Most extruders are single-screw—about 90% is my best estimate. But that is misleading, because the twins are concentrated in two market areas—rigid PVC and compounding—and the twins for one application are very different from the other.
When an extrusion system is taken apart, there is a lot of sticky stuff, and it seems logical to remove it. Here are some techniques and tools you may want to consider using to do that; under certain circumstances, though, you may want to do nothing at all.
Equipment is a minor expense compared with materials, as articulated in the 6-1-2-1 rule of cost distribution: 60% materials, 10% equipment, 20% direct labor and 10% everything else, including power, packaging and insurance.
Allan Griff has been an indefatigable instructor of extrusion-related matters for decades. In this column, he recounts how the technology has evolved even as the fundamentals continue to apply. A summary of extrusion learning opportunities is included.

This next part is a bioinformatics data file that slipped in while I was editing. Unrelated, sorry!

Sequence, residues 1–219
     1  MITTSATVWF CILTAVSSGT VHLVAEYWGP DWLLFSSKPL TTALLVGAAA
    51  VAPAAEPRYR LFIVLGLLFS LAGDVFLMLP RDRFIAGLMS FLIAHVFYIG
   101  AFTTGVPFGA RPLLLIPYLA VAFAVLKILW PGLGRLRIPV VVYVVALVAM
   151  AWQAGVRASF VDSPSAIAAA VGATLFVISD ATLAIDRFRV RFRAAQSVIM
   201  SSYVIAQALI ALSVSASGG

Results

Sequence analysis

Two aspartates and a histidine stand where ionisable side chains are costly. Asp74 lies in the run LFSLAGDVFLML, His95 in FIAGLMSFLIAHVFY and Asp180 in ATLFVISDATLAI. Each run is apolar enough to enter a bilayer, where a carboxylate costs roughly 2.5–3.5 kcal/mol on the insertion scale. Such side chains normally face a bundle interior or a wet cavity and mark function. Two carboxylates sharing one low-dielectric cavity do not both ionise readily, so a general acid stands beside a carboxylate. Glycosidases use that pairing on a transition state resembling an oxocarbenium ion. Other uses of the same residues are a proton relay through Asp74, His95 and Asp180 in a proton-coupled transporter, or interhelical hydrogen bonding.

The show was too big to cover—"seeing it all” is as impossible as conversing with those talking mice that run rampant just a few miles from the convention center—but the event is unrivaled for meeting people and connecting with companies that make what we want to buy, or buy what we make.
The added cost of gear pumps can be justified by savings of material because aim thickness can be lower. Another benefit is reducing the load on the extruder, which may include pushing the melt through a static mixer to improve appearance, properties and maybe production rate.